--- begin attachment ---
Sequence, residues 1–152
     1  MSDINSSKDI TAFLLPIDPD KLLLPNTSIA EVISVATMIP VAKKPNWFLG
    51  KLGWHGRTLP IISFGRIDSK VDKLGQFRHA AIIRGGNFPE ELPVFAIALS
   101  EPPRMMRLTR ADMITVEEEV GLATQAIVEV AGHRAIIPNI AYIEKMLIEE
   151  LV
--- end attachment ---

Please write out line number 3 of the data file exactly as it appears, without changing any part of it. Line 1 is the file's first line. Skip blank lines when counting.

    51  KLGWHGRTLP IISFGRIDSK VDKLGQFRHA AIIRGGNFPE ELPVFAIALS